Strength's show on Valentine's Day at the Zombie Room earlier this year is a thing of legend.
Too bad I wasn't there to see it.
But Strength left the town buzzing, and I heard from people who went about what a great show I missed. It's probably the same conversation that people have been having since the Portland disco-pop heroes came to Mootsy's last Friday.
Not that it's a hard room to fill, but the place was absolutely packed -- so much so that you could barely see the band over the crowd. (That's one of the byproducts of Mootsy's intimate floor-stage area as compared to the now-closed Zombie Room's raised stage.)
It was more like a house party than a concert in the best possible way, where the crowd makes the show. In a fashion that is typical in downtown Spokane at a mostly word-of-mouth-promoted event, everyone seemed to know everyone else, and the vibe was euphoric.
Strength worked more like a DJ than a band, keeping the tempo as high as the intensity and rarely leaving room to breathe between songs.
The band's setup is exactly like Chromeo's except it's a trio instead a duo: Bailey Winters on vocals, John Zeigler on keyboards and programming and Patrick Morris on guitar, playing on top of a CD of accompanying programmed keys, percussion and bass layering to thicken out the live execution.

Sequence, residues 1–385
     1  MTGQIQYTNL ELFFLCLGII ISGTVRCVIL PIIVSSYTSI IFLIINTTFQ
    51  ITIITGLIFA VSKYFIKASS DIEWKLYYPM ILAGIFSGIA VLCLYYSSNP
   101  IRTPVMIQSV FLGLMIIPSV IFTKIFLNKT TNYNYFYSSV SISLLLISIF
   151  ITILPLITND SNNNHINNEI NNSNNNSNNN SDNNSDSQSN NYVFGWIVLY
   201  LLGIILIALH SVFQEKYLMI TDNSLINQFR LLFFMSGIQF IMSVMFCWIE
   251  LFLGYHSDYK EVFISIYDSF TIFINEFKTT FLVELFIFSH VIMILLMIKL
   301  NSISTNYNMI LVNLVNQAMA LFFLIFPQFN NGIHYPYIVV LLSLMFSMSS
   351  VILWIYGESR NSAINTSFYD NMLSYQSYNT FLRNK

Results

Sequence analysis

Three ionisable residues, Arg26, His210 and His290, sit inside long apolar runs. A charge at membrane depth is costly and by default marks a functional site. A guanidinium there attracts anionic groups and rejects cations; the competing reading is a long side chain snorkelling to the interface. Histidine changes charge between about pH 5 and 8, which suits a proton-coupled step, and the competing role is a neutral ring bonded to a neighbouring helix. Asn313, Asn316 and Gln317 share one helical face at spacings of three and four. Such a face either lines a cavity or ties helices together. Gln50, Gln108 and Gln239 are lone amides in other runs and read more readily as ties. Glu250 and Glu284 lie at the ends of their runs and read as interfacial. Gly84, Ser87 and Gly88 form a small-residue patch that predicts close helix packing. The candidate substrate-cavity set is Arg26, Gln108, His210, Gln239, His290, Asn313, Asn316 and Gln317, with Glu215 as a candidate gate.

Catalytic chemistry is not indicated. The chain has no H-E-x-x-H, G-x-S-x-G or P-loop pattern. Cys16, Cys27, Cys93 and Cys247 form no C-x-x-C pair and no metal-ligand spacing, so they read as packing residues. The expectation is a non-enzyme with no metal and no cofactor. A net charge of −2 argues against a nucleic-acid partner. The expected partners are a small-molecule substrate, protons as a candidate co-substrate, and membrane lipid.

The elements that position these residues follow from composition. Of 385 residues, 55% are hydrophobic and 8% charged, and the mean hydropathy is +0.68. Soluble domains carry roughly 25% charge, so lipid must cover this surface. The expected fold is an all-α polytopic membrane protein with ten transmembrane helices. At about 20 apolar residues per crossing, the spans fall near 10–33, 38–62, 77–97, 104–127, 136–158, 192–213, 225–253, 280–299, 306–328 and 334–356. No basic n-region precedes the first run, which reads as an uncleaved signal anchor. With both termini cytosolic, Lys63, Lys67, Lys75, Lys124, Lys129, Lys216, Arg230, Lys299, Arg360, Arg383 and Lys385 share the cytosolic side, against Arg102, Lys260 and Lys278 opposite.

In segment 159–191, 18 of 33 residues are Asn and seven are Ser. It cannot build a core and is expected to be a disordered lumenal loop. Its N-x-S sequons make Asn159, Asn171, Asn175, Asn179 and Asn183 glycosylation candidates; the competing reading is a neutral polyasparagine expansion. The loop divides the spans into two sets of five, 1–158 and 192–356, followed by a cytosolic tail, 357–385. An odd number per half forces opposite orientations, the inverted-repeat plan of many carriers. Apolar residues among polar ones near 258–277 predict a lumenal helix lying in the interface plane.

The bump-and-grind brand of late-'70s/early-'80s R & amp;B and funk immediately brings to mind LCD Soundsystem, or Ghostland Observatory sans the undercurrent of electro, with a welcomed un-macho touch of more obscure Bee Gees.
Not to sound contrary, but these guys didn't exactly break themselves in half to put on a show. They basically played their music, which has an infectious quality that puts the crowd in the same bonus-level delirium as No-Fi Soul Rebellion or Velella Velella. (Now, that would an unstoppably dope triple-threat dance bill.)
Bailey is known for wearing dashikis and neckties, swimming through the crowd and making out with himself like Purple Rain-era Prince. He wasn't remarkably charismatic last Friday, likely because he was so confined.
If he'd had the space, Bailey may very well have been bouncing and spinning and feeling himself up right along with the rest of audience, but Strength's beat-drive holds up so well that it didn't cost him any performance points. It didn't even matter that he was singing about nosebleeds and frostbite -- the pulse of the music and the dense air steaming off of the tightly packed dance floor did most of the work.
While Strength's show is definitely good to the ears -- and while it holds some appeal for the eyes -- it's mostly for the booty.
The only thing more difficult than having a conversation about Pour Soi is having a conversation with Pour Soi. Everything about the band (pronounced "poor swah") seems to clash, from their musical backg